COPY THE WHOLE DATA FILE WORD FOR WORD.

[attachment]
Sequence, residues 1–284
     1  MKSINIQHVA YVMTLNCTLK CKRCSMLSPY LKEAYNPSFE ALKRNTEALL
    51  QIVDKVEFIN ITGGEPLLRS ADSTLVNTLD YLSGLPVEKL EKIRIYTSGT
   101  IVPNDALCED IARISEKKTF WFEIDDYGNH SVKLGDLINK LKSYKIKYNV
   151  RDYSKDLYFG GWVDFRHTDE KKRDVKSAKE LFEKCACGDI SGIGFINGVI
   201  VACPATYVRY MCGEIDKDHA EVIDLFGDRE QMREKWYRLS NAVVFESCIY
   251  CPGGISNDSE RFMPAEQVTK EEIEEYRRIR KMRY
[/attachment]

Sequence, residues 1–284
     1  MKSINIQHVA YVMTLNCTLK CKRCSMLSPY LKEAYNPSFE ALKRNTEALL
    51  QIVDKVEFIN ITGGEPLLRS ADSTLVNTLD YLSGLPVEKL EKIRIYTSGT
   101  IVPNDALCED IARISEKKTF WFEIDDYGNH SVKLGDLINK LKSYKIKYNV
   151  RDYSKDLYFG GWVDFRHTDE KKRDVKSAKE LFEKCACGDI SGIGFINGVI
   201  VACPATYVRY MCGEIDKDHA EVIDLFGDRE QMREKWYRLS NAVVFESCIY
   251  CPGGISNDSE RFMPAEQVTK EEIEEYRRIR KMRY